Areva, Toshiba invited to bid for new Finnish nuclear plant

July 1, 2011
A general view of the Olkiluoto 3 European Pressurised Reactor (EPR) being built by France's Areva and Germany's Siemens in Finland in 2010. Finnish nuclear power company Fennovoima invited French nuclear giant Areva and Japan's Toshiba to bid for the construction of a new power plant.

Finnish nuclear power company Fennovoima on Friday invited French nuclear giant Areva and Japan's Toshiba to bid for the construction of a new power plant.

"The bids are requested for the delivery and construction of reactor and turbine islands," the company said, explaining it would decide the final model during negotiations based on the bids.

"Fennovoima chose Areva and Toshiba as plant supplier alternatives in 2008 and since then, technical development work has been done with both companies as well as with alternative turbine suppliers Alstom and Siemens," it added.

German energy giant EON holds a 34 percent stake in Fennovoima, which was established in 2007.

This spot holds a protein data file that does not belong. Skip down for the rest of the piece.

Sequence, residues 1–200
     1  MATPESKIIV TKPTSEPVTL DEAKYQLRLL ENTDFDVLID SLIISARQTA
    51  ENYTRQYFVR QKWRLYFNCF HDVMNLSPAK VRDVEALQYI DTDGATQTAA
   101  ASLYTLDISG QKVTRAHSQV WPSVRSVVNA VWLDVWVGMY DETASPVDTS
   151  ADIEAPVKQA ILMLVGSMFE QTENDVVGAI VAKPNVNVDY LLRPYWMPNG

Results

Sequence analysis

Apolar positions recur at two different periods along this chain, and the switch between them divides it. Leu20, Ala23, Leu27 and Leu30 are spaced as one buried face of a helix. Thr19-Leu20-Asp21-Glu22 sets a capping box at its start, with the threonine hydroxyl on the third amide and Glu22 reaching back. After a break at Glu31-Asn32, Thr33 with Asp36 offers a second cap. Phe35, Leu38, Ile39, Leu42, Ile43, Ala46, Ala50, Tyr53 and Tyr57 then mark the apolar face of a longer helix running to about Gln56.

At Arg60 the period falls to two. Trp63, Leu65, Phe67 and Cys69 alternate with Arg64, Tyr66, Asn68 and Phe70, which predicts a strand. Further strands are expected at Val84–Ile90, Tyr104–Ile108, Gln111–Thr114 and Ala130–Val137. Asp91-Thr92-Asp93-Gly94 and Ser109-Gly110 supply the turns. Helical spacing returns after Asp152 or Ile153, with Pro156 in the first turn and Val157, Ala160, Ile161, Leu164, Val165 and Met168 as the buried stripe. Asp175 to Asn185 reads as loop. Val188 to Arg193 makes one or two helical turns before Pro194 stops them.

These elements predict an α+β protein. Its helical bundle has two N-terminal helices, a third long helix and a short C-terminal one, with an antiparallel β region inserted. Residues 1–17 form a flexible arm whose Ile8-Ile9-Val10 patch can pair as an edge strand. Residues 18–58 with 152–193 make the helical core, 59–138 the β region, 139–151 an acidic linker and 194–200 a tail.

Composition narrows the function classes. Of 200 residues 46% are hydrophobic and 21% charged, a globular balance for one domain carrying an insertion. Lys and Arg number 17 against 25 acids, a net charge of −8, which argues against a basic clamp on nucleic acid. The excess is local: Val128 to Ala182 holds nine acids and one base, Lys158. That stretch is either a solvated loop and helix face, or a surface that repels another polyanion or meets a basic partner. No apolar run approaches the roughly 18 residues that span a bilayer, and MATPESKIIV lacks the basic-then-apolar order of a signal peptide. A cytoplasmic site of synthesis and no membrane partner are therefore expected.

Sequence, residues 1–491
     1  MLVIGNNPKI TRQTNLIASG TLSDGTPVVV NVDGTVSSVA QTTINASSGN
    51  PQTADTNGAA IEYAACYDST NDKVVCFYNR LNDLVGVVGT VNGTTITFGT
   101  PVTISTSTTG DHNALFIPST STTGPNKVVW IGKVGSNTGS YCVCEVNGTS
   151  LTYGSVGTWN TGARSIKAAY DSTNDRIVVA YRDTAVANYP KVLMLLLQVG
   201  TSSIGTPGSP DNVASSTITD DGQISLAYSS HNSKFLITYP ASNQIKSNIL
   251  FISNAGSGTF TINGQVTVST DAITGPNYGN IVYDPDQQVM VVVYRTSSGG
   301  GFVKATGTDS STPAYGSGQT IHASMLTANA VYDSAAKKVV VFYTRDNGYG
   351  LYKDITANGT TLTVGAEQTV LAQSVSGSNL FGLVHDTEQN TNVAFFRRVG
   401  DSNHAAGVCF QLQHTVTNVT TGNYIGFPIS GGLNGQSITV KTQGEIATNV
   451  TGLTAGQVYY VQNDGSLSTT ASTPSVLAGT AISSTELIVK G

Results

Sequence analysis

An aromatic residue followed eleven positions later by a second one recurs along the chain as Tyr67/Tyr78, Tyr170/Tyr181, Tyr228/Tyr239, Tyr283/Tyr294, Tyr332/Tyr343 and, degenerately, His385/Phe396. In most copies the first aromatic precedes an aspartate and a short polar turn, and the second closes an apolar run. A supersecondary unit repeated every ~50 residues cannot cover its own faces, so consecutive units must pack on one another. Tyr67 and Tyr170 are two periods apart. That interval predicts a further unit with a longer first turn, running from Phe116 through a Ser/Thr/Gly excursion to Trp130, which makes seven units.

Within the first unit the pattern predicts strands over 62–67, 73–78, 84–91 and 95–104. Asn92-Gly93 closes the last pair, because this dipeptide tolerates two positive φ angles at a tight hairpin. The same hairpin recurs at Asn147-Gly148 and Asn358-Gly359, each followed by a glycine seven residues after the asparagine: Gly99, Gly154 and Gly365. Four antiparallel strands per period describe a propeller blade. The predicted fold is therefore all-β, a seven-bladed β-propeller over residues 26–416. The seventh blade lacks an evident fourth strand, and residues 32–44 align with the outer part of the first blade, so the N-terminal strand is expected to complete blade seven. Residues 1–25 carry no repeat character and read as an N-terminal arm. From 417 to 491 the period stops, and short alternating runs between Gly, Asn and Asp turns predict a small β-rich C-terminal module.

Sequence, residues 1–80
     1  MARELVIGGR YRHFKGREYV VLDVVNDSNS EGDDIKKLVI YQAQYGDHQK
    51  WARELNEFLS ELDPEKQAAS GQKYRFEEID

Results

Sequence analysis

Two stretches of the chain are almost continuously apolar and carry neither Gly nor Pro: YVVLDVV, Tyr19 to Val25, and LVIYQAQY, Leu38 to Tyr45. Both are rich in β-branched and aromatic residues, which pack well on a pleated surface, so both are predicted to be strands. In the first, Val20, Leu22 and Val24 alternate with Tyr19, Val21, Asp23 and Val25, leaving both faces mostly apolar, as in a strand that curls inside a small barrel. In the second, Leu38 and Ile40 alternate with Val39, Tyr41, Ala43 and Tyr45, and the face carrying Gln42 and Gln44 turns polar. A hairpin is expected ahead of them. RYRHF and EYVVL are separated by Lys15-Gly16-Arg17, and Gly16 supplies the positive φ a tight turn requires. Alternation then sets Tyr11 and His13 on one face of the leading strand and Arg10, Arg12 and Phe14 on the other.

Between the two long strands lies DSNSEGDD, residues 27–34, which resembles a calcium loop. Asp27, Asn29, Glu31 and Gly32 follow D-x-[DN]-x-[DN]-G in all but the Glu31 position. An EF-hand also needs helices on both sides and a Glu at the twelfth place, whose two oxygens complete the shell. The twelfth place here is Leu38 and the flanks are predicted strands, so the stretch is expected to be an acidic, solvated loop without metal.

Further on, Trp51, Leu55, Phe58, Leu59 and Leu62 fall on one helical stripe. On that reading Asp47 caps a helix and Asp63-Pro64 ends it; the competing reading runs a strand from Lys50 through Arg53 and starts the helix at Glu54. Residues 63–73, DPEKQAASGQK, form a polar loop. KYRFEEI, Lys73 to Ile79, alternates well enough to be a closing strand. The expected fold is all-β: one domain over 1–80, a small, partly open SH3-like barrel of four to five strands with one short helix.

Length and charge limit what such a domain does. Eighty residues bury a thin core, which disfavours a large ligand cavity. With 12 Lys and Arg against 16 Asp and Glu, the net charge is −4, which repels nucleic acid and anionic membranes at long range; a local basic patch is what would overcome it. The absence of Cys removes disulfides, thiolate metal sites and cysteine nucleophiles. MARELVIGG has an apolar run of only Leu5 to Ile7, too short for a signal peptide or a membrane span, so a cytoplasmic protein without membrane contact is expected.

Finland has four nuclear reactors at two sites. A fifth reactor is based on Areva's European Pressurised (EPR).

It had initially been scheduled for completion in April 2009 but is now not expected to be ready until 2012, coming on line in the second half of 2013.

Explore further: China's fast reactor set for tests in 2010

Related Stories

Officials seek cause of reactor shutdown

November 3, 2006

Authorities are investigating the cause of the nuclear reactor shutdown at Three Mile Island near Harrisburg, Pa., although no radiation leaked in the incident.

Fukushima raises questions about new Finnish reactor

June 21, 2011

More than 5,000 hard-hat workers swarm over a sprawling nuclear facility in western Finland to build OL3 -- touted as the safest nuclear reactor in the world -- a claim which has come under scrutiny following Japan's nuclear ...

Recommended for you

Interactive tool lifts veil on the cost of nuclear energy

August 24, 2015

Despite the ever-changing landscape of energy economics, subject to the influence of new technologies and geopolitics, a new tool promises to root discussions about the cost of nuclear energy in hard evidence rather than ...

Smart home heating and cooling

August 28, 2015

Smart temperature-control devices—such as thermostats that learn and adjust to pre-programmed temperatures—are poised to increase comfort and save energy in homes.

0 comments

Please sign in to add a comment. Registration is free, and takes less than a minute. Read more

Click here to reset your password.
Sign in to get notified via email when new comments are made.